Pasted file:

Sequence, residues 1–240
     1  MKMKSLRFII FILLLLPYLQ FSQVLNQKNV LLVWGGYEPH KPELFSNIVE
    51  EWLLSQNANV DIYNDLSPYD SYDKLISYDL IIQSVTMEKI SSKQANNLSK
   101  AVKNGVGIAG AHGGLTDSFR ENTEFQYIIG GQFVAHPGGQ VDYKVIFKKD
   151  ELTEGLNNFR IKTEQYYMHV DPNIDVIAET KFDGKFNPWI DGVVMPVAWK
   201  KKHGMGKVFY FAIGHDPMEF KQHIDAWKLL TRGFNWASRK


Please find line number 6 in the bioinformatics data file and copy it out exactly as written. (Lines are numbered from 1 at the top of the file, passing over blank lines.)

   201  KKHGMGKVFY FAIGHDPMEF KQHIDAWKLL TRGFNWASRK